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Okabe-juku in the 1830s, as depicted by Hiroshige in The Fifty-three Stations of the Tōkaidō

Okabe-juku (岡部宿, Okabe-juku) was the twenty-first of the fifty-three stations of the Tōkaidō. It is located in what is now the city of Fujieda, Shizuoka Prefecture, Japan. Between Okabe-juku and the preceding post station of Mariko-juku runs Route 1, which was part of the ancient trade route.


Though most post stations along the Tōkaidō were built the first year the route was established; however, Okabe-juku was built one year later in 1602.[1] It only had a population of 16 when it was first established and even by 1638], there were only 100 people in the town, making it a rather small post town; however, it was still able to flourish.[1]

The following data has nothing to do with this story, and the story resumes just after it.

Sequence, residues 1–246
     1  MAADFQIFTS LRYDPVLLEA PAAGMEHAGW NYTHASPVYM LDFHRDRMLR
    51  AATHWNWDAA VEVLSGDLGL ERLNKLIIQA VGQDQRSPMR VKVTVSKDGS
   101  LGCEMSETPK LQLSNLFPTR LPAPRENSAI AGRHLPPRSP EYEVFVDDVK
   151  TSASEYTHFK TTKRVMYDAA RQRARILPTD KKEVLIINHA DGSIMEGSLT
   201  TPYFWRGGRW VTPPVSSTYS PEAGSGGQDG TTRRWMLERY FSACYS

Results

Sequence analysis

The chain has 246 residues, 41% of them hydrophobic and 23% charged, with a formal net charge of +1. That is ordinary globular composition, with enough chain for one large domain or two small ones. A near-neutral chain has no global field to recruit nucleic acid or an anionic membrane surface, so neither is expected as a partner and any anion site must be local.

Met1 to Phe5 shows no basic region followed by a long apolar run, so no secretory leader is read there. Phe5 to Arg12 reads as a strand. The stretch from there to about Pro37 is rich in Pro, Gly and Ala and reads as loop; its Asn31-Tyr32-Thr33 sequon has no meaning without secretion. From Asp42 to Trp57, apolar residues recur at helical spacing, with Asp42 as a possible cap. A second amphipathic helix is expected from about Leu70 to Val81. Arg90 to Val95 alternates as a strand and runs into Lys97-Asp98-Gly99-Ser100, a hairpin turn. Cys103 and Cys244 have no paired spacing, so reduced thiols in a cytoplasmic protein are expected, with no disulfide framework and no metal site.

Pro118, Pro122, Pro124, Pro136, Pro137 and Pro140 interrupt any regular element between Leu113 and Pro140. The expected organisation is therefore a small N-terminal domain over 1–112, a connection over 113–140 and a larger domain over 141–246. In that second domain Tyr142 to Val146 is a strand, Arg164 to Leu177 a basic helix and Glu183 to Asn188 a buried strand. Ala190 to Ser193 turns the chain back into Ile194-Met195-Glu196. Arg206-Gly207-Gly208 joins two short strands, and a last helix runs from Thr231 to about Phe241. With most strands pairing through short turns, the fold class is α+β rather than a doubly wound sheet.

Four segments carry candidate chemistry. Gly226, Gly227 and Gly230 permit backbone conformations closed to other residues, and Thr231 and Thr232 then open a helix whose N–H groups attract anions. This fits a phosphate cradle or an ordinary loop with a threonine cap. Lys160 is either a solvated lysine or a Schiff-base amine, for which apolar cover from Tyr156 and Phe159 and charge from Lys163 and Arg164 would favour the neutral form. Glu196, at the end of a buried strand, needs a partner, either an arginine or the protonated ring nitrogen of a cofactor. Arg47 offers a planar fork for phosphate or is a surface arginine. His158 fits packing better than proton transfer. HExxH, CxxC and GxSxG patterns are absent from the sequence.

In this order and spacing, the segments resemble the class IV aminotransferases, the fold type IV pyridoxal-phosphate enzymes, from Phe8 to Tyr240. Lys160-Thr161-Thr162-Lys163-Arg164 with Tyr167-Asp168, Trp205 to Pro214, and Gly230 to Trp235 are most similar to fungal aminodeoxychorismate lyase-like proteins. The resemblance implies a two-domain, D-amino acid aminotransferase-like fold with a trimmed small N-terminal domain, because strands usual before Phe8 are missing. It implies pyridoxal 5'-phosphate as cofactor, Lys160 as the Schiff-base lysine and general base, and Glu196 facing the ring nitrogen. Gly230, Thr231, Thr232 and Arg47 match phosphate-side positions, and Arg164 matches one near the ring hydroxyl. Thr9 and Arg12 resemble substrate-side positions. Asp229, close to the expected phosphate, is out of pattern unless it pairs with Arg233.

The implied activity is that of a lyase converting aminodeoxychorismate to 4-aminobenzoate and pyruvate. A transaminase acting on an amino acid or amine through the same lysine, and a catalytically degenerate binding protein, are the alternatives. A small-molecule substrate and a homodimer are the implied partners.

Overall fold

The classic ukiyo-e print by Andō Hiroshige (Hōeidō edition) from 1831–1834 depicts a mountain stream between steep green banks, with the roadway a narrow path walled in on one side by a stone wall.

Okabe-juku's hatago, Kashiba-ya, prospered during the Edo period; however, it was destroyed by fire in 1834. After it was rebuilt in 1836, it was eventually named nationally designated Important Cultural Property.[2] In 2000, it was reopened as an archives museum.[2]

Neighboring post towns[edit]

Mariko-juku - Okabe-juku - Fujieda-juku

Further reading[edit]

  • Carey, Patrick. Rediscovering the Old Tokaido:In the Footsteps of Hiroshige. Global Books UK (2000). ISBN 1-901903-10-9
  • Chiba, Reiko. Hiroshige's Tokaido in Prints and Poetry. Tuttle. (1982) ISBN 0-8048-0246-7
  • Taganau, Jilly. The Tokaido Road: Travelling and Representation in Edo and Meiji Japan. RoutledgeCurzon (2004). ISBN 0-415-31091-1


  1. ^ a b Okabe-machi Shōkōkai Archived 2008-05-09 at the Wayback Machine. Okabe Chamber of Commerce and Industry. Accessed November 17, 2007.
  2. ^ a b Okabe-machi Yakuba. Okabe Town Hall. Accessed November 17, 2007.